1) Goop answers pseudoscience criticism by coming clean about its product benefits.

What happened

  • After growing a business by amassing a devoted following of customers who believed in product benefits not necessarily backed by science—and receiving flak from consumers and scientists alike—Goop is working on transparency. Recently, the company took on two new hires with a PhD in nutritional science—one of whom will apply expertise in Chinese medicine to create and endorse new SKUs.
  • Alongside Goop’s product descriptions, shoppers will also find tags ranging from “For Your Enjoyment”—which implies a lack of scientific backing for a fun product—“Ancient Modality”—pointing to centuries of use, even if contemporary research hasn’t substantiated it yet—and “Rigorously Tested”, with backing from the MD and PhD realm. These classifications will be applied to older blog posts and product descriptions over time.

Why it matters

  • As Gwyneth Paltrow expands the Goop empire—with the help of the $50 million March fundraise meant to develop the company’s global reach and ecommerce operations—addressing critics, or at least acknowledging the lack of professional merit behind many of its products, will be a key driver for growth.
  • Right now, 40% of Goop’s sales come from the fashion category and another 40% come from beauty—but the last 20% of sales are based in the more elusive “wellness” category, which happens to be growing the fastest of all. Recognition of the benefits and/or scientific justification for products, particularly for those in the wellness category like supplements and skincare items—or acknowledgement that they are just for fun—will bring newfound transparency to the company, which will help mollify past criticism and build brand equity.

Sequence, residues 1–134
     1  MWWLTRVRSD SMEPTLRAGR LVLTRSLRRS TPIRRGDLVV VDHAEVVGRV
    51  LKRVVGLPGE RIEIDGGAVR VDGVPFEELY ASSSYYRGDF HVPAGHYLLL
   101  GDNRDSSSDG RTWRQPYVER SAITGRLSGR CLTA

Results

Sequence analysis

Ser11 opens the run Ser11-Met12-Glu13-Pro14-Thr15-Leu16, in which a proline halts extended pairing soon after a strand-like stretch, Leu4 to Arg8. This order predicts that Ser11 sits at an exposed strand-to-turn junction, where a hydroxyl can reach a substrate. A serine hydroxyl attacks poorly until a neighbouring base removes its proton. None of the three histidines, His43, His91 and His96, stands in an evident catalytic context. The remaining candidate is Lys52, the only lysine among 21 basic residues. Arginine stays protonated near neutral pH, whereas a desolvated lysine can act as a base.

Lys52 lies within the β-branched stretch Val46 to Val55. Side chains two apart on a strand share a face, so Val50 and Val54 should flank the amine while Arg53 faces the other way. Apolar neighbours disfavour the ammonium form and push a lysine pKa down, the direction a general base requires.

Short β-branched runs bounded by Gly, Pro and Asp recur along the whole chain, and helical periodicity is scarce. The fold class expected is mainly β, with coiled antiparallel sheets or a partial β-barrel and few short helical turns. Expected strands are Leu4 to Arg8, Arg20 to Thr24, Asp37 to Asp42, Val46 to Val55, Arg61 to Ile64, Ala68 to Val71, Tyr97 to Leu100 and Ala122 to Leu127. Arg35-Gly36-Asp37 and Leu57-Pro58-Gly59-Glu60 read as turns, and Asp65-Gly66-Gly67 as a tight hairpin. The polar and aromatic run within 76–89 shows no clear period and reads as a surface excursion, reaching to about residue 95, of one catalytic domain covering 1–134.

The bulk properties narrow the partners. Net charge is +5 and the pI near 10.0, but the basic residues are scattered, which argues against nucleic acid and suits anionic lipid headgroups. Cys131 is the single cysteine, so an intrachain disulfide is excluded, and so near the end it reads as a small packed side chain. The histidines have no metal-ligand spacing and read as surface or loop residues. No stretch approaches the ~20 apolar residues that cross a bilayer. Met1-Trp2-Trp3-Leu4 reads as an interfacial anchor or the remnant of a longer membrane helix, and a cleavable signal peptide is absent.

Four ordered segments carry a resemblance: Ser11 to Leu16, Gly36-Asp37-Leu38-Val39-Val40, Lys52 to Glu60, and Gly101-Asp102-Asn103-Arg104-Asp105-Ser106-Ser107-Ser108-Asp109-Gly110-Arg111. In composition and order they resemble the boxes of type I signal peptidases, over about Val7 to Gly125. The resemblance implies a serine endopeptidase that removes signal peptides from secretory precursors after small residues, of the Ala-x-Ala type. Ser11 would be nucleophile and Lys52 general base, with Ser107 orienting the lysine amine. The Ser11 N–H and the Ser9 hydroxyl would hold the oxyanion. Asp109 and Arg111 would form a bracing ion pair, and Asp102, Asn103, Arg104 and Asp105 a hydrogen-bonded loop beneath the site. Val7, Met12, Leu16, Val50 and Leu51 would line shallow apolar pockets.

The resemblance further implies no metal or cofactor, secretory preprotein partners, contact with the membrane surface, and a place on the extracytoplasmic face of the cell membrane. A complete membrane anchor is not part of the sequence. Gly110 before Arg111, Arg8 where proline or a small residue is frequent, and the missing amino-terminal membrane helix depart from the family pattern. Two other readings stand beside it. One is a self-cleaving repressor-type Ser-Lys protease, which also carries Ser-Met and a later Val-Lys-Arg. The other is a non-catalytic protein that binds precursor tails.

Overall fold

2) An antiquated UPS looks to automation, but it’s playing catch up with FedEx and Amazon.

What happened

  • Today, about 50% of UPS packages enter automated facilities, compared to 96% at FedEx. But over the next three years, UPS plans to spend $20 billion to update its operations, aiming to process all of its packages at automated distribution centers by 2022. In 2018, the company will increase its automation capacity by 6.7%.

Why it matters

  • Since the rise of ecommerce, shipping companies like FedEx and UPS have found themselves at a disadvantage in contrast to younger, digitally-savvy companies—specifically Amazon, which is building its fleet of cargo planes to 40 by the end of 2018 and is testing out a crowdsourcing delivery program called Amazon Flex that is independent of FedEx and UPS altogether. But while FedEx quickly modernized its operations to account for online shopping and technological developments, UPS has lagged behind. The company still uses old equipment and manual scanning, straggling in the face of Amazon, which continues to streamline its process further with automated forklifts and robots at its fulfillment centers.
  • As a unionized company, UPS faces greater restrictions than FedEx—employees prefer more full-time hires to automation, which poses threats to their own livelihoods. But it’s vital that UPS keep up with shipping competitors as ecommerce continues to grow. In 2015, UPS experienced a 2% rise in volume and is having trouble keeping up, even with its approximately 100,000 vehicles, 600 aircraft and 80,000 daily drivers. Particularly because shipping to shoppers’ individual homes means lower margins than delivering large shipments to offices or retailers, bringing newfound efficiency at low cost is the only way for the company to compete in the long term.

3) #MeToo jeans reprise the accessible feminism debate.